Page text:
Prince Harry says he’d never heard of his assigned ingredient finger limes until he’d entered this competition, which confirms my suspicions that at least a few of the contestants have never watched the show. He decides to make French toast with finger lime chutney and cheese, enjoying a little cheese tasting while he’s at it. French toast is just fancy toast, and what is fine dining if not fancy food?
“This is the closest I’ve gotten to making a toasted sandwich for the judges,” says HRH, referring to his food dream of opening gourmet toasted sandwich truck. “They’ve been asking for it, so they’re almost getting it today.”
Prince Harry quickly gets his finger lime chutney on the stove to cook down. However, with around one hour to go, it still hasn’t broken down enough. The skins are hard and it tastes, in his own words, very bitter and “quite unpalatable”.
Giving up on the chutney, HRH strains it to make a sweet syrup instead, hoping there’s enough finger lime flavour to justify it. Fortunately, he’s happy with the result, putting it on the plate beneath his French toast and torched cheese.
I’m concerned there won’t be enough finger lime on the dish. But if MasterChef has taught me anything, it’s that you could brutally murder someone and get away with it as long as you cover their corpse in a really good sauce.
Larissa’s had around two hours to think about what to cook, so when she’s finally allowed into the kitchen she jumps straight into a bombe Alaska. Chef Matt, however, does not like the idea. Larissa is trying to put her assigned ingredient of plums into a preconceived dish rather than build a dish around the ingredient, and he is sceptical that it will work.
Nevertheless, Larissa confidently charges on. To be fair, this strategy of disregarding both standard logic and professional advice has panned out improbably well for her in the past.
It takes Larrissa an eternity to make her giant batches of plum sorbet and ice cream, with both still churning at the one hour mark. Fortunately she has a blast chiller, the patron saint of MasterChef, and everything sets.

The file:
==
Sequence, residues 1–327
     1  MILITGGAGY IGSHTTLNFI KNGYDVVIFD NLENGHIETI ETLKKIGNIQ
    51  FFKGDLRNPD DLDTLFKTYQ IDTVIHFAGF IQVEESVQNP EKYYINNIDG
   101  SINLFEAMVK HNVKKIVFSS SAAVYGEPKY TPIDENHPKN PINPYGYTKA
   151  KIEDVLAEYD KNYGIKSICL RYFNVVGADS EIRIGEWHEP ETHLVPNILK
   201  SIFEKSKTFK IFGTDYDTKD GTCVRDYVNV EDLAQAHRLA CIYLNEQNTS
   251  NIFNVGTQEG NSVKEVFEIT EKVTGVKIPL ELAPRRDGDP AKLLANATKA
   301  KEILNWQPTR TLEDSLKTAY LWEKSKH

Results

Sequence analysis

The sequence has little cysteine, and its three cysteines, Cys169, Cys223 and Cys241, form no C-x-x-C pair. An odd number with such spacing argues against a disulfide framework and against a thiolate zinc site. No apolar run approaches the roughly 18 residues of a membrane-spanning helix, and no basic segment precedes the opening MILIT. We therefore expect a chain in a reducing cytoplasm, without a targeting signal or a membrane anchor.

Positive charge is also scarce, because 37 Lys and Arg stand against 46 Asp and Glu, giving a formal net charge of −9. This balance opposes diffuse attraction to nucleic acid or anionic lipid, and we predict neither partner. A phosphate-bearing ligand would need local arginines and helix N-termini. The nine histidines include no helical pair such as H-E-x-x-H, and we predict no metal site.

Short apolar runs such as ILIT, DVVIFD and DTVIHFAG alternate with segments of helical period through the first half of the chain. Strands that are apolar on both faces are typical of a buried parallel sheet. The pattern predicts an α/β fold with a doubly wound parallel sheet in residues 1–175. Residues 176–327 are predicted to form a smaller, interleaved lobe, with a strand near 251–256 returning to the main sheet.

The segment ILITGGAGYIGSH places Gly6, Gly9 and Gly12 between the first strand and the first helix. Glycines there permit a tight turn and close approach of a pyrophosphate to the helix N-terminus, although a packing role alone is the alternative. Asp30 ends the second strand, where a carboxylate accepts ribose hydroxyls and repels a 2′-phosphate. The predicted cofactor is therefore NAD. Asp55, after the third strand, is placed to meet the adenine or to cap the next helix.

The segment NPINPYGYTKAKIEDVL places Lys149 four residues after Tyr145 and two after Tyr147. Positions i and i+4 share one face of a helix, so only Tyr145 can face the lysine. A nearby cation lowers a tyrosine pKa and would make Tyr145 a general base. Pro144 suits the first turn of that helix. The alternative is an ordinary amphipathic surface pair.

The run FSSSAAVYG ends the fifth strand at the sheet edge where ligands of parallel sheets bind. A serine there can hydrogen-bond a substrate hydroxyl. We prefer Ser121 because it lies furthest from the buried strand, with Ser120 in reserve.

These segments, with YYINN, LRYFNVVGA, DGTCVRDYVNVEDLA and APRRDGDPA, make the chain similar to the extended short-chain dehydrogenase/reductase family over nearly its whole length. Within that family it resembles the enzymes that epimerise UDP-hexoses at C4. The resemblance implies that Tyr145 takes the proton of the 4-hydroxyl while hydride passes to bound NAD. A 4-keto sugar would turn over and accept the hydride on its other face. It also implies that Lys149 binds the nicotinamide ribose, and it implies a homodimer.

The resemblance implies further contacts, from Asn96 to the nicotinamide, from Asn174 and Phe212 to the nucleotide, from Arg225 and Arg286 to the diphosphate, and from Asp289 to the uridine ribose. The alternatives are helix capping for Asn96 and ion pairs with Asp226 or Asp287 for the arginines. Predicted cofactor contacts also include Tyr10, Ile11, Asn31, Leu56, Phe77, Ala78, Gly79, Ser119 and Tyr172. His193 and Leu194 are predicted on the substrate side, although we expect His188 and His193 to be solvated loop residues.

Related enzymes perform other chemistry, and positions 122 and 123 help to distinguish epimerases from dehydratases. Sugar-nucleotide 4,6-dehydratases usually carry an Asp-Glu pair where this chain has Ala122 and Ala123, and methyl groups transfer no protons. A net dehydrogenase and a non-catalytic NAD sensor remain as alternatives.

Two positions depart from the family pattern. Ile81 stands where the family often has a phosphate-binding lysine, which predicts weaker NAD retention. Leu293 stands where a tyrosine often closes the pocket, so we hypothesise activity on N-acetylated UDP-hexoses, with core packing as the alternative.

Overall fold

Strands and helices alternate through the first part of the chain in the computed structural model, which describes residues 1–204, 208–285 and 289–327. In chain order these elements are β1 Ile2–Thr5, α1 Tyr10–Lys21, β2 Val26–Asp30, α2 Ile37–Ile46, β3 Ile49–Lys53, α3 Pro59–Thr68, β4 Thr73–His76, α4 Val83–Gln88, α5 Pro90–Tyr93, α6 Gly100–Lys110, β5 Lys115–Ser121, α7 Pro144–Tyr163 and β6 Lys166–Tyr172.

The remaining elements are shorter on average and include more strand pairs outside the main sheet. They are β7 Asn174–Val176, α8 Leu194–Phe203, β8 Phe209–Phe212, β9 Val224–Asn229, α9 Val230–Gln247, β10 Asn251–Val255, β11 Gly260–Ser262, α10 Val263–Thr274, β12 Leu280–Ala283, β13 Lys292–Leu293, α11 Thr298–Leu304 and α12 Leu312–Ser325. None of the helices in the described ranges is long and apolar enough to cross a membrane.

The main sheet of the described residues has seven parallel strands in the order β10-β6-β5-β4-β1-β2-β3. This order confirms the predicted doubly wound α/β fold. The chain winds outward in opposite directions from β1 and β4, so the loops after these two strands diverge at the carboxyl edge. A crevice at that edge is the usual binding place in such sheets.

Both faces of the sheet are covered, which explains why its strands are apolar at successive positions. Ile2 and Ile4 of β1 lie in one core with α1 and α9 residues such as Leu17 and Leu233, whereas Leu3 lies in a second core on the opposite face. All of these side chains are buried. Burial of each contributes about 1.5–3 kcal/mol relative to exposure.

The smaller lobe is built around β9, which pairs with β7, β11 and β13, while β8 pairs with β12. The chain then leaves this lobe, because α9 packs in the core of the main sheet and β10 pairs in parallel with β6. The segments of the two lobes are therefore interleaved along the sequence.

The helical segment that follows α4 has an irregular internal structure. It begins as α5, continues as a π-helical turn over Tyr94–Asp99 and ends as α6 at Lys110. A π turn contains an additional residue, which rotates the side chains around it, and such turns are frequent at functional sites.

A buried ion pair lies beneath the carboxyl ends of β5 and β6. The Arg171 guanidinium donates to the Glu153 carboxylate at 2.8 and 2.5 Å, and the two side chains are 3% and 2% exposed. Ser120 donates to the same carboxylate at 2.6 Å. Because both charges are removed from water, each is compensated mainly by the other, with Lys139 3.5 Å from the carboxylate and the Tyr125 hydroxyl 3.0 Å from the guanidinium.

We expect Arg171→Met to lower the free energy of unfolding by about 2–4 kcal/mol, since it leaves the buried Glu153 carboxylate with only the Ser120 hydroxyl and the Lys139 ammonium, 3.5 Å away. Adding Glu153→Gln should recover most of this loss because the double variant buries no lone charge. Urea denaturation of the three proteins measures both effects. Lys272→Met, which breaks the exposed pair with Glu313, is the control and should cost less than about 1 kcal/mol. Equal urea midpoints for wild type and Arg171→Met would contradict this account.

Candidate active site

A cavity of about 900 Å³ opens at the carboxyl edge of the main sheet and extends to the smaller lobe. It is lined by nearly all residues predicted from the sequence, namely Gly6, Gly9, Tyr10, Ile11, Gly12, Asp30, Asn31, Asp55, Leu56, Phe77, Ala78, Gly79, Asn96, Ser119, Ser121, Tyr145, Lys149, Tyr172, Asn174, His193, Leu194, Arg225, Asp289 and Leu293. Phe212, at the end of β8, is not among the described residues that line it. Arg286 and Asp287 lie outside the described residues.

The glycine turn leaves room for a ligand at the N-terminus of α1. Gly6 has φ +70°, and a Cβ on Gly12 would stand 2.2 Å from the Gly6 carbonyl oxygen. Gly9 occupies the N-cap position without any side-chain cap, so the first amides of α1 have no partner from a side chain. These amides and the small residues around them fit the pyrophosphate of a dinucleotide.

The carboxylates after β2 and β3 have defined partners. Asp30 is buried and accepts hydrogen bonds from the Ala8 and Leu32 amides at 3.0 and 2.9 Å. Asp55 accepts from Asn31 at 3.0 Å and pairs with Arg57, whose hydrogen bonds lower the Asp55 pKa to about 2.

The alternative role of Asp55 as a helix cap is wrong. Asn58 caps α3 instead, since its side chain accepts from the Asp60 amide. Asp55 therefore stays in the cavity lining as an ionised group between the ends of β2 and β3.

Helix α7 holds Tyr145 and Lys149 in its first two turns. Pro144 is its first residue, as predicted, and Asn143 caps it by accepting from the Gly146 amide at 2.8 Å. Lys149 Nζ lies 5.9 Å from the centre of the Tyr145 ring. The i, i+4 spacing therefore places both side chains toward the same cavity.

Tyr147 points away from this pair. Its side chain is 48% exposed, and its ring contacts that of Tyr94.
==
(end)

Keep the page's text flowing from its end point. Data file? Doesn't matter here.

However, with around half an hour to go, Larissa discovers her Italian meringue is way too sloppy and runny to pipe on top of her dessert. “It does look a bit runny,” says Matt helpfully. Larissa therefore decides to pipe the meringue onto the plate and blowtorch it, resting the bombe Alaska’s guts on top.
It isn’t ideal, but it’s better than trying to pour the sticky white liquid all over her dessert.
Despite her poor beginning, Christina’s third course of duck with pumpkin and cauliflower puree is the standout dish of the night. MasterChef‘s judges find her flavours soft and subtle, and the dish well balanced. The other top dish is Nicole’s first course of roasted beetroot salad, the sandalwood nuts being a particular point of interest.
Both Nicole and Christina will therefore join Tessa and Anushka to cook for a spot in Final’s Week.
Prince Harry’s French toast with cheese and finger limes rival Nicole for second place, but the other dishes aren’t so compelling.
Simon’s disappointing grilled marron with coral emulsion and waxflower has multiple issues, with mushy marron and a garlic-heavy emulsion. “This is Flaw City, isn’t it?” says judge Matt. Meanwhile, Larissa’s plum and ginger bombe Alaska predictably didn’t hero the plum at all, which would have made it a failure even if she’d gotten the meringue on.
Fortunately, there’s no elimination this time, merely the shame of borking a fine dining dish on national television.
Amanda Yeo is a Sydney-based writer, lawyer and MasterChef enthusiast who still thinks Reynold should have gotten an immunity pin for his 30/30 dessert in season seven. Follow her on Twitter: @amandamyeo.